A key feature of the 19th- and 20th-century traditional English terrace house, the front garden is a fascinating – though underappreciated – example of the public function that a private space can have. While on the one hand it contributes to improve the house’s own aesthetic and the outward view, on the other hand it encroaches into the public sphere. It is the dwelling’s peculiar way of communicating with the outside and, very often, the unique fingerprint of its dwellers’ green thumb. It is always intrinsically involved in identity issues, a representation of which is offered to the public. It is also a social gesture, a contribution to the public good and the environment – an often generous offer that only walkers can appreciate at its best.
In a time when walking has never been so restricted due to Covid-19 outbreak, the Museo del Camminare explores the poetics of the front gardens and the influence that these small private green spaces exert on the social sphere and the environment. It does so at a very short radius by focusing on the streets of De Beauvoir Town and its surroundings, West Hackney, London.Read More
Since the 19th century, the front garden has been a prominent part of the terrace and semi detached houses designed for a wide spectrum of the English society.
Drawing on earlier agricultural journals, the article Labourers’ Homes published in the 1860 London Quarterly Review promoted the building of the English cottage type in London as an ideal urban dwelling for labourers, pointing out that ‘each cottage should have its own front garden divided by a hedge or by pales and rails of old fashion’.1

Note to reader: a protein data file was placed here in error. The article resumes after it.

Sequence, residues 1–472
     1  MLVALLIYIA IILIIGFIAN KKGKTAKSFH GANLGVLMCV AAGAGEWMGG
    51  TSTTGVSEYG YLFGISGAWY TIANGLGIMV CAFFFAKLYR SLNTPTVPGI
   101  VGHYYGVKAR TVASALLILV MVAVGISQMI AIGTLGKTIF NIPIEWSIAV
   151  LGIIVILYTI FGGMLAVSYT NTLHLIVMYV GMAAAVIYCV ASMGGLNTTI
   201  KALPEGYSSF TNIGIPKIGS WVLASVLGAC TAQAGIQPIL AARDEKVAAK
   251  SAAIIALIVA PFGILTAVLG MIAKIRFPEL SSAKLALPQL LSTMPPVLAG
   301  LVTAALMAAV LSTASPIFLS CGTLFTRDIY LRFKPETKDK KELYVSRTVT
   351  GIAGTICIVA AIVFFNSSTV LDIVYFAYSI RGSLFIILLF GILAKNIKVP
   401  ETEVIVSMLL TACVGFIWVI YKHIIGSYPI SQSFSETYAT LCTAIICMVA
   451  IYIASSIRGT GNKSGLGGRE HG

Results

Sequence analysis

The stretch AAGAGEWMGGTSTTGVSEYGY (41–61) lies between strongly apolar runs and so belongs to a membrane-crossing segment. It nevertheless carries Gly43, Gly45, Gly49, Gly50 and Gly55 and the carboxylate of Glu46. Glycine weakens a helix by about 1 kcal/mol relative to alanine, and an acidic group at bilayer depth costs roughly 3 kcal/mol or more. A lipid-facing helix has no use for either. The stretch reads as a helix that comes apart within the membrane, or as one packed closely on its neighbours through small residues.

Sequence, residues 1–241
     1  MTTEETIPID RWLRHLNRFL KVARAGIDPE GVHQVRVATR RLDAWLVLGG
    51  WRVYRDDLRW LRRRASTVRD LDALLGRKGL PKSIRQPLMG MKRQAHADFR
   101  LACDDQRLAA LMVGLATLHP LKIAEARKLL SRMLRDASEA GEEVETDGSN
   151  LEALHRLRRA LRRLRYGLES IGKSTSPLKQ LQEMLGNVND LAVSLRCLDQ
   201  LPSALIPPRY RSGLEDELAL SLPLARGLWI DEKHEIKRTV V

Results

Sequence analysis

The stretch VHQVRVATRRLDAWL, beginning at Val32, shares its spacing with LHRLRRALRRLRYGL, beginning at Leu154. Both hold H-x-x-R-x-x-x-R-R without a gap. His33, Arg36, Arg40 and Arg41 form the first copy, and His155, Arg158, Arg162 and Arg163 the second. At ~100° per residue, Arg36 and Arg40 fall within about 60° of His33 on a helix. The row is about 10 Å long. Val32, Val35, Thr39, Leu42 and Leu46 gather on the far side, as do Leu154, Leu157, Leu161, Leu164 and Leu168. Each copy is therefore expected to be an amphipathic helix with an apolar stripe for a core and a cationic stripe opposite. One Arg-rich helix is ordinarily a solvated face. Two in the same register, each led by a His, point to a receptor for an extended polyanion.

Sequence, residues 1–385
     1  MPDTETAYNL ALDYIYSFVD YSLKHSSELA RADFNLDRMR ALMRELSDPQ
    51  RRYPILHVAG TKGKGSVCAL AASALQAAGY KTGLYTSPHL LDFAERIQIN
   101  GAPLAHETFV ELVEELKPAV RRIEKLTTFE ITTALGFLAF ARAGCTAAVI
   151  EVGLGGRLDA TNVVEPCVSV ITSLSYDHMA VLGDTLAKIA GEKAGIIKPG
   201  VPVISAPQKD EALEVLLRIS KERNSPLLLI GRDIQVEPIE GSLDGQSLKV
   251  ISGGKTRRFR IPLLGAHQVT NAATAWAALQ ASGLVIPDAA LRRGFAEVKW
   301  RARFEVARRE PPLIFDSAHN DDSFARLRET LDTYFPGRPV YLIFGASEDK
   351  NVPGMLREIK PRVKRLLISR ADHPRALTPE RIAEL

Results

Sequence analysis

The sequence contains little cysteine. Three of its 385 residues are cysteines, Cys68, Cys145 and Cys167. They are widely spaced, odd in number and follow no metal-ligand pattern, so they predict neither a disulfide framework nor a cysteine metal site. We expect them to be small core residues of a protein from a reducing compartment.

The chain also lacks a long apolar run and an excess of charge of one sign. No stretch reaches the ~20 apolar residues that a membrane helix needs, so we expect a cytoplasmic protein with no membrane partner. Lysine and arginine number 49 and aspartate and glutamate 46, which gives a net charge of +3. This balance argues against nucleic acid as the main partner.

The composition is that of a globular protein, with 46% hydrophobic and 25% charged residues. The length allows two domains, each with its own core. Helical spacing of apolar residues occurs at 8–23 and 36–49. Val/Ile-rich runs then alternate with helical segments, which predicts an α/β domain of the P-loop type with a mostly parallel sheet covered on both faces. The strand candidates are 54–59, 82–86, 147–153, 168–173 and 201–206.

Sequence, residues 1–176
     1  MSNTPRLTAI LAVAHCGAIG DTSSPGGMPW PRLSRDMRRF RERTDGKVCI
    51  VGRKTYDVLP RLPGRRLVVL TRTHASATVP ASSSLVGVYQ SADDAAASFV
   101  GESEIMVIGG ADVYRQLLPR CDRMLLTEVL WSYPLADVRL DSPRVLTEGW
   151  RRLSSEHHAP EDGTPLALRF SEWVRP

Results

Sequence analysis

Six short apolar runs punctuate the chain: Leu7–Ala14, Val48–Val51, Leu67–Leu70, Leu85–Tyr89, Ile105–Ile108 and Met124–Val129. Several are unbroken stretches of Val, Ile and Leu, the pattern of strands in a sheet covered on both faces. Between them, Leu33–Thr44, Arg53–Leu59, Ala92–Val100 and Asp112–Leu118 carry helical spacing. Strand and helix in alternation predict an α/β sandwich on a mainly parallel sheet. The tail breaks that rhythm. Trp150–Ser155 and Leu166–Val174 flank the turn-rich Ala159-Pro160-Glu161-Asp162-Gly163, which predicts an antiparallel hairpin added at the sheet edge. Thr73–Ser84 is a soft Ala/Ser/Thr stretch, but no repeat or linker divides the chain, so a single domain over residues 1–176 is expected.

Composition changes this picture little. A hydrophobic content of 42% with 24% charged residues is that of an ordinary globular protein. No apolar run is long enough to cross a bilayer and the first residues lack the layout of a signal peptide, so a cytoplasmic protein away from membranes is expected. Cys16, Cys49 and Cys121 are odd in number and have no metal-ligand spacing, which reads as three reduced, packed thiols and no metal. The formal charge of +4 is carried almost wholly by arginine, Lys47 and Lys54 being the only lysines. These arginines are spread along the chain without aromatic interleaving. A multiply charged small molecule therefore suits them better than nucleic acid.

The philanthropically-motivated Metropolitan Association for Improving the Dwellings of the Industrious Classes was the first commercial company to build cottages in London for the working classes. Its mid-19th-century Albert and Victoria Cottages [left and right, respectively] on both sides of Deal Street provide an extant charming example of the presence of the front garden in small terraced houses intended for small artisan families who were unable to pay the higher rents in what was then one of the poorest area of the city.
The high rents that the working population of 20th-century London had to pay even for poor accommodation was one of the key problems that also Ebenezer Howard aimed to solve in 1898 with his idea of garden city. Howard believed that ‘the country must invade the town’ and that new small cities had to be created in which ‘higher wages are compatible with reduced rents and rates’; ’equal, nay better, opportunities of social interaction may be enjoyed’; ‘beautiful homes and gardens may be seen on every hand’; and ‘the bounds of freedom may be widened, and yet all the best results of concert and co-operation gathered in by a happy people’.2